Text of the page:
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Economic determinants of oil futures volatility: a term structure perspective

Kang, B., Nikitopoulos, C. S. and Prokopczuk, M. (2020) Economic determinants of oil futures volatility: a term structure perspective. Energy Economics, 88. 104743. ISSN 0140-9883

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To link to this item DOI: 10.1016/j.eneco.2020.104743


To assess the economic determinants of oil futures volatility, we firstly develop and estimate a multi-factor oil futures pricing model with stochastic volatility that is able to disentangle long-term, medium-term and short-term variations in commodity markets volatility. The volatility estimates reveal that in line with theory, the volatility factors are unspanned, persistent and carry negative market price of risk, while crude oil markets are becoming more integrated with financial markets. After 2004, short-term volatility is driven by industrial production, term and credit spreads, the S&P 500 and the US dollar index, along with the traditional drivers including hedging pressure and VIX. Medium-term volatility is consistently related to open interest and credit spreads, while after 2004 oil sector variables such as inventory and consumption also impact this part of the term structure. Interest rates mostly matter for long-term futures price volatility.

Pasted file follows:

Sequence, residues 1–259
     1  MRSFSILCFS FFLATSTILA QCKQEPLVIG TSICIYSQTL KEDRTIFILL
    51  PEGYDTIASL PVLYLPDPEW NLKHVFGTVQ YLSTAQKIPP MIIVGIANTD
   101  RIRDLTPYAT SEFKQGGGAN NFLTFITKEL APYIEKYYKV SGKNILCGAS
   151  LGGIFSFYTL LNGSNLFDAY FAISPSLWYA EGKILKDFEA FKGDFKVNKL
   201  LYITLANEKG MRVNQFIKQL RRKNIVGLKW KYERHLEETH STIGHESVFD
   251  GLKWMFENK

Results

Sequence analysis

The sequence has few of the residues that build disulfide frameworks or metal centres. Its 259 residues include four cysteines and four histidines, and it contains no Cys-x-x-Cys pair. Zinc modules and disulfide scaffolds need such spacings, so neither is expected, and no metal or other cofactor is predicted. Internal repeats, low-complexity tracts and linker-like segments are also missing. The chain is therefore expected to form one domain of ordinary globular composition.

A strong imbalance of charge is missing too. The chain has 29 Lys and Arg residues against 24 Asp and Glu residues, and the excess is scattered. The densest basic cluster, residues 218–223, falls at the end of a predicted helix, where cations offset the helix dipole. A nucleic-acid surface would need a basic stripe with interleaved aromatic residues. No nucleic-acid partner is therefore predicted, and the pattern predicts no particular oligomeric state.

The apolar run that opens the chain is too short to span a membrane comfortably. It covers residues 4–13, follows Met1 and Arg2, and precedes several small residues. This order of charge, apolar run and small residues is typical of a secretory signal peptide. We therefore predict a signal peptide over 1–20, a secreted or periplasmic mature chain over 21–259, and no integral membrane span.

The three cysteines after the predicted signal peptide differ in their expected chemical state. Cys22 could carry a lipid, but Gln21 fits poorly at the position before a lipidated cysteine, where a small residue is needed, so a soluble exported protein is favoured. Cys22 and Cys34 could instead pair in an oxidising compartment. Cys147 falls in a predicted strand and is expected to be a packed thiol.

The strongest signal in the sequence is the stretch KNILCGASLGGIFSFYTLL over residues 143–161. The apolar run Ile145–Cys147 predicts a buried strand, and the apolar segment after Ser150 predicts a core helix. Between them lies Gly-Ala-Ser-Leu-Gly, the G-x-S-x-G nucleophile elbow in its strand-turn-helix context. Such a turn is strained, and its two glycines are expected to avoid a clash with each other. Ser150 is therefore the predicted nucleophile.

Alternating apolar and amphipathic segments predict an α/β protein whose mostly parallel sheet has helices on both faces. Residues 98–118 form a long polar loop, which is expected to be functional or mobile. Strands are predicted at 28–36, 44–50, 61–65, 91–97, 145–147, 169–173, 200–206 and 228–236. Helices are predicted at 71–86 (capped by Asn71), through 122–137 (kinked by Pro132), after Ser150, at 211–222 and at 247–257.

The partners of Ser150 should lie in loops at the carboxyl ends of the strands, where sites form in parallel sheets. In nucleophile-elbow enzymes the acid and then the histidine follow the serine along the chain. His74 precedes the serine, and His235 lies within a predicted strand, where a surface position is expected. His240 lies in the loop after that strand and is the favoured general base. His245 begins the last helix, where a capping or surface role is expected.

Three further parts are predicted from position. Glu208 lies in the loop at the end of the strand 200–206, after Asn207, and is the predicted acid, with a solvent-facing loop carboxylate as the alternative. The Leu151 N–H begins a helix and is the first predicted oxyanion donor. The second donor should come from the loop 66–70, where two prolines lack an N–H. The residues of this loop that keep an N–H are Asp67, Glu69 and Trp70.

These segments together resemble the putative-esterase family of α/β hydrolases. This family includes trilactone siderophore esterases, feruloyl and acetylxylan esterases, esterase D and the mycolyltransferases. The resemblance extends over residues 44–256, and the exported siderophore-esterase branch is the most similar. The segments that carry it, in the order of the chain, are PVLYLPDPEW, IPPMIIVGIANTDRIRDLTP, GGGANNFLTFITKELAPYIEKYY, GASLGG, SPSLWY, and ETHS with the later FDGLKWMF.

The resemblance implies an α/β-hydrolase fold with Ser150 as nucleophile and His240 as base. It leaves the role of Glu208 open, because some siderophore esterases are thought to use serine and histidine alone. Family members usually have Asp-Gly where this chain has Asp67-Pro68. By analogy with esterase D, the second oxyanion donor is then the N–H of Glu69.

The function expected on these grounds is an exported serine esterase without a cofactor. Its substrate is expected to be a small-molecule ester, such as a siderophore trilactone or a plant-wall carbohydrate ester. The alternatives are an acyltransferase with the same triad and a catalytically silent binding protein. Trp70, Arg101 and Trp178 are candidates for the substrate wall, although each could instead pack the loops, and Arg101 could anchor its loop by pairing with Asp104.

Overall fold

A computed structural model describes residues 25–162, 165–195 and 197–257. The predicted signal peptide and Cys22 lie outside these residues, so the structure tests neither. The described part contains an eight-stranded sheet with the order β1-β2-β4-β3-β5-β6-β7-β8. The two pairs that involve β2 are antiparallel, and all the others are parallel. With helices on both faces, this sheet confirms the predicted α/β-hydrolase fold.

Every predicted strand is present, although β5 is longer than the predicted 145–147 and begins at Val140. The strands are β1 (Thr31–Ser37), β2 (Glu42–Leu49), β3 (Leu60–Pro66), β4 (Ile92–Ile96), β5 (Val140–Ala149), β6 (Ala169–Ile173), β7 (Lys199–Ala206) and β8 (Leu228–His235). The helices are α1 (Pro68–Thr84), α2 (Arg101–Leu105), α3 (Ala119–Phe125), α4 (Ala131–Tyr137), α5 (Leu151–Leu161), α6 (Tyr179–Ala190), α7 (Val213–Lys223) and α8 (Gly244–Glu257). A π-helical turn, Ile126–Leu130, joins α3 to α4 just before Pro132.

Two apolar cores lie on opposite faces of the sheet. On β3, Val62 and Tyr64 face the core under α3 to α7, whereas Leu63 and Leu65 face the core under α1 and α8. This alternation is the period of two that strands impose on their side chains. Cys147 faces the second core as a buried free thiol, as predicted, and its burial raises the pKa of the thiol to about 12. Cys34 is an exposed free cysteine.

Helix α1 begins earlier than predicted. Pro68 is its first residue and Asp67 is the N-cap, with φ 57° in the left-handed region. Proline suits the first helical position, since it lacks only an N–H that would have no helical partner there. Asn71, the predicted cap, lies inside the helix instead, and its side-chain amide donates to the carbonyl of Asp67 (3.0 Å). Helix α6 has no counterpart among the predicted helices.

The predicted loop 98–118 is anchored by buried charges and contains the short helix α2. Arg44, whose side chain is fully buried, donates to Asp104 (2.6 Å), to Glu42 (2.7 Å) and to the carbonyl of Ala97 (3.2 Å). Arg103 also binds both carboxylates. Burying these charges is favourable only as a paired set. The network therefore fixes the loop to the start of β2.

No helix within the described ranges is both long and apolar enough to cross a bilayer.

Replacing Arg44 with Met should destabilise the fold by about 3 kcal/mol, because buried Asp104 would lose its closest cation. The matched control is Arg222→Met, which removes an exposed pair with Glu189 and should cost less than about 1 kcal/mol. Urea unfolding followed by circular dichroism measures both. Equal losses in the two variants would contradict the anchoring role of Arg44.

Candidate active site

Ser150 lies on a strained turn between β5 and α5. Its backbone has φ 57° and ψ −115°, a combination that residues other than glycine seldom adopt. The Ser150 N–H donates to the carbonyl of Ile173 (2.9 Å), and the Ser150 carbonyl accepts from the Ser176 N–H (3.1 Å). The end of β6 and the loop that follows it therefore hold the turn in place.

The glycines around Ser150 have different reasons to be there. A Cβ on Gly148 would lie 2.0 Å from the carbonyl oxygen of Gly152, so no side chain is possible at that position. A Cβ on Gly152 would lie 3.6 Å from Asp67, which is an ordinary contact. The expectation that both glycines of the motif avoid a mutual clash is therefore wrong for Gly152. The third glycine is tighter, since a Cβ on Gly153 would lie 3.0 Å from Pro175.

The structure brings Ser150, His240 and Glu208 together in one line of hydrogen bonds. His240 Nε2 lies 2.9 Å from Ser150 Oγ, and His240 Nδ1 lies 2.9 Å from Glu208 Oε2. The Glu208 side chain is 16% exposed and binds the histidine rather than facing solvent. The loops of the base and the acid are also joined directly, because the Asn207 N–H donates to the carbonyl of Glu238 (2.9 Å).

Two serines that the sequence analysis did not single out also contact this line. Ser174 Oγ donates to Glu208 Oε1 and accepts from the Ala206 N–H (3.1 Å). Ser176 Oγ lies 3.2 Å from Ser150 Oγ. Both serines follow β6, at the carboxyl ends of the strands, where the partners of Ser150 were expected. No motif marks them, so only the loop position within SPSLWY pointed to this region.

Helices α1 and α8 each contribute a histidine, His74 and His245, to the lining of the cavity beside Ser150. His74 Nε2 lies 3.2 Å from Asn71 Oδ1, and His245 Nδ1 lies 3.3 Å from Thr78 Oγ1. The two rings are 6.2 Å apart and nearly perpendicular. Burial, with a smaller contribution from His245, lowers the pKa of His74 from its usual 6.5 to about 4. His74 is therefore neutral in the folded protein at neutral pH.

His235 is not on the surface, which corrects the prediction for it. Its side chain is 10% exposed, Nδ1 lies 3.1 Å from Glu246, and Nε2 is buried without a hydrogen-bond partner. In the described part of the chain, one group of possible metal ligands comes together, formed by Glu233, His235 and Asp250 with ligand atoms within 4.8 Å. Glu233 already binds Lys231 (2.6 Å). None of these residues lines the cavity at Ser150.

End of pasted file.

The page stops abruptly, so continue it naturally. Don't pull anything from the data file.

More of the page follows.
Item Type:Article
Divisions:Henley Business School > ICMA Centre
ID Code:90002


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